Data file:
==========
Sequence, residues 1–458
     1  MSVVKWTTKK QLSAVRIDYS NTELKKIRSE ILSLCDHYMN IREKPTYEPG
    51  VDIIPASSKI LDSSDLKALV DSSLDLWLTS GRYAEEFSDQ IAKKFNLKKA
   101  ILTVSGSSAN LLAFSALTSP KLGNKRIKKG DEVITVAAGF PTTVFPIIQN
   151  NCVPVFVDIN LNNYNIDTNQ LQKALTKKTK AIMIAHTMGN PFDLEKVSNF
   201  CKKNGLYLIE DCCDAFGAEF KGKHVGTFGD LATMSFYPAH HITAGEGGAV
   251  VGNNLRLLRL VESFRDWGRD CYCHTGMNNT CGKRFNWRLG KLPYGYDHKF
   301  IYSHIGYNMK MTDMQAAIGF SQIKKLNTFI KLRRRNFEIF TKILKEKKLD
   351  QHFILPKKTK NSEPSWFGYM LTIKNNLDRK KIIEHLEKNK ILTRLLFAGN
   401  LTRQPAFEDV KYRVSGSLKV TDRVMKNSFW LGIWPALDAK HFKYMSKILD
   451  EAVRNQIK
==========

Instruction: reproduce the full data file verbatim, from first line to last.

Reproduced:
Sequence, residues 1–458
     1  MSVVKWTTKK QLSAVRIDYS NTELKKIRSE ILSLCDHYMN IREKPTYEPG
    51  VDIIPASSKI LDSSDLKALV DSSLDLWLTS GRYAEEFSDQ IAKKFNLKKA
   101  ILTVSGSSAN LLAFSALTSP KLGNKRIKKG DEVITVAAGF PTTVFPIIQN
   151  NCVPVFVDIN LNNYNIDTNQ LQKALTKKTK AIMIAHTMGN PFDLEKVSNF
   201  CKKNGLYLIE DCCDAFGAEF KGKHVGTFGD LATMSFYPAH HITAGEGGAV
   251  VGNNLRLLRL VESFRDWGRD CYCHTGMNNT CGKRFNWRLG KLPYGYDHKF
   301  IYSHIGYNMK MTDMQAAIGF SQIKKLNTFI KLRRRNFEIF TKILKEKKLD
   351  QHFILPKKTK NSEPSWFGYM LTIKNNLDRK KIIEHLEKNK ILTRLLFAGN
   401  LTRQPAFEDV KYRVSGSLKV TDRVMKNSFW LGIWPALDAK HFKYMSKILD
   451  EAVRNQIK